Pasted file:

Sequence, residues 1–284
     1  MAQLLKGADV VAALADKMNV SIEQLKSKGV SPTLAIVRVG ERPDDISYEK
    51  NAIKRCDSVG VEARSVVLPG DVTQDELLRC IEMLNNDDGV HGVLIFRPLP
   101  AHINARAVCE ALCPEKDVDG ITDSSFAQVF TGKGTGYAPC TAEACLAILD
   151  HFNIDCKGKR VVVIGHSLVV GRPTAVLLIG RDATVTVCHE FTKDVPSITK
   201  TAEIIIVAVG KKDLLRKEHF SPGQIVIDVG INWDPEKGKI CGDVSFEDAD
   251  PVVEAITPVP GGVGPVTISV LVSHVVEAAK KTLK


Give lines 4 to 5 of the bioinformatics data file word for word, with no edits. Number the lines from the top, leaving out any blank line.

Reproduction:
   101  AHINARAVCE ALCPEKDVDG ITDSSFAQVF TGKGTGYAPC TAEACLAILD
   151  HFNIDCKGKR VVVIGHSLVV GRPTAVLLIG RDATVTVCHE FTKDVPSITK